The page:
Court of Appeal decision

Dr Arkhangelsky appealed the High Court’s decision claiming that the judge had:

  1. Applied the wrong standard of proof for dishonesty which set the bar too high;
  2. Reviewed the evidence in a piecemeal fashion which prevented him from making an overall assessment of the alleged fraud.

The Court of Appeal agreed and allowed the appeal ordering a retrial on the counterclaim before a different judge.

Standard of proof

The proper standard of proof in civil cases involving dishonesty “is the simple balance of probabilities, neither more nor less.”

The standard of proof for proving fraud or dishonesty in civil proceedings is “the balance of probabilities” and not “beyond reasonable doubt” as in criminal cases. Nevertheless, it is recognised that claims containing such serious allegations as fraud and dishonesty require cogent evidence to succeed. Indeed, there are professional conduct rules which lawyers alleging fraud on behalf of their clients must adhere to requiring convincing evidence of fraud.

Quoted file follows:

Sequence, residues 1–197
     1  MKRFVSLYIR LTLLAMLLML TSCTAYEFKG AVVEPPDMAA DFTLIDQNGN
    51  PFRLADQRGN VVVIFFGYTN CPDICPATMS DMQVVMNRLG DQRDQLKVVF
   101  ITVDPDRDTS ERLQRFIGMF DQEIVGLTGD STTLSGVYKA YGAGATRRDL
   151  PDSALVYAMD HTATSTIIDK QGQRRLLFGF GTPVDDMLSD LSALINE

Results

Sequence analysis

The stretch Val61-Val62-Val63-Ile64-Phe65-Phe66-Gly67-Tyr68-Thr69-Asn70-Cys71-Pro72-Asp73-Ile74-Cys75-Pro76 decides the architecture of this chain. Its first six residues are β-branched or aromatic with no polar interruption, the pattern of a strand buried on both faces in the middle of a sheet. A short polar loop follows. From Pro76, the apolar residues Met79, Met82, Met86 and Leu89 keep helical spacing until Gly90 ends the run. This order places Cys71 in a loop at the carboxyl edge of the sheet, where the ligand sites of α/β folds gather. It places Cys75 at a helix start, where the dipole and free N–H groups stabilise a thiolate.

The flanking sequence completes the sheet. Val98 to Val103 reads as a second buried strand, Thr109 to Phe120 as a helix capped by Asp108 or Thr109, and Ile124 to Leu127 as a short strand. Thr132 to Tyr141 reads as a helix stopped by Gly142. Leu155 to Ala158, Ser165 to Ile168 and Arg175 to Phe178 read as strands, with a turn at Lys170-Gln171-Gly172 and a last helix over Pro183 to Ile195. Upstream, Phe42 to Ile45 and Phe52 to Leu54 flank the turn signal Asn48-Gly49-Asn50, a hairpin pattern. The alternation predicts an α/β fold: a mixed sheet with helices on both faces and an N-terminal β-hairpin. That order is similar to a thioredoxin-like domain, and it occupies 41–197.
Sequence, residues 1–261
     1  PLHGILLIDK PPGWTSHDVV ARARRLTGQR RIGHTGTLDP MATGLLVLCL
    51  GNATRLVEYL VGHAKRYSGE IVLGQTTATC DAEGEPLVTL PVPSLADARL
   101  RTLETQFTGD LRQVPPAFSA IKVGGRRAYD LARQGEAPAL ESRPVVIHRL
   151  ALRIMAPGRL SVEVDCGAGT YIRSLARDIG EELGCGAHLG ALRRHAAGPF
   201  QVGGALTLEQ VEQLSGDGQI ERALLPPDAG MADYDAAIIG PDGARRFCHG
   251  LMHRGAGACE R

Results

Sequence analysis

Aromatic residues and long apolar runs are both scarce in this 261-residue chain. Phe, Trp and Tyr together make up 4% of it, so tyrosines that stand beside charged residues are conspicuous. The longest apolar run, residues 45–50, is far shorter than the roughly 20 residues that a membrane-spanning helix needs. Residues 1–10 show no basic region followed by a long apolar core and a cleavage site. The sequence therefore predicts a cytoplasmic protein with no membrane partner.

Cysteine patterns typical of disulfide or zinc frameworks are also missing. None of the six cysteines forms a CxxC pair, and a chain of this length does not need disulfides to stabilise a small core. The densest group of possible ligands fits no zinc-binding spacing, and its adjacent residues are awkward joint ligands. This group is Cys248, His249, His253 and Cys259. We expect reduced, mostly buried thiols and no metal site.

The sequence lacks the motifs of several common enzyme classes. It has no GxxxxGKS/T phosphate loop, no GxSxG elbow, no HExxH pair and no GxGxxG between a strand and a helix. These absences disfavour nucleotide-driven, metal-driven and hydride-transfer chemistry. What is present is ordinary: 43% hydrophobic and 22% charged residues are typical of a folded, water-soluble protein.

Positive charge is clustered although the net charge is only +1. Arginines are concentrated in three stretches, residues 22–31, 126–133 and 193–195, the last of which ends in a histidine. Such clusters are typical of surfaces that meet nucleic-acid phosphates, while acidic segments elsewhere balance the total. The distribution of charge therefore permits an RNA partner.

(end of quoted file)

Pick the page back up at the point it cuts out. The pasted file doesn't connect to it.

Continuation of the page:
It appears that the High Court judge allowed these factors to tip the balance on the standard of proof resulting in the Judge applying a heightened standard of proof in this case. For example, at paragraph 1138 of his judgment, he said: “Again, I take into account that the more serious the allegation the more improbable the event sought to be established…”. Lord Justice Males described this assessment as a fair starting point, on the basis that people do not usually act dishonestly, but considered it could be no more than a starting point (para.117). He went on to conclude that the only question is “whether it has been proved that the occurrence of the fact in issue…was more probable than not.” This echoes the judgment of the House of Lords in Re B (Children) in which Lord Hoffmann stated: “…there is only one civil standard of proof and that is proof that the fact in issue more probably occurred than not”.

The first instance judgment in Bank St Petersburg PJSC v Arkhangelsky is littered with references to the burden and standard of proof.  The test which the judge set himself was that proof of dishonesty “could only be discharged by showing the facts to be incapable of innocent explanation” and described this as the heavy onus of proof in the context of an assertion of dishonesty”.  The Court of Appeal concluded that he had “misdirected himself as to the standard of proof required” with the result that his findings as to the absence of dishonesty on the Bank’s part cannot stand.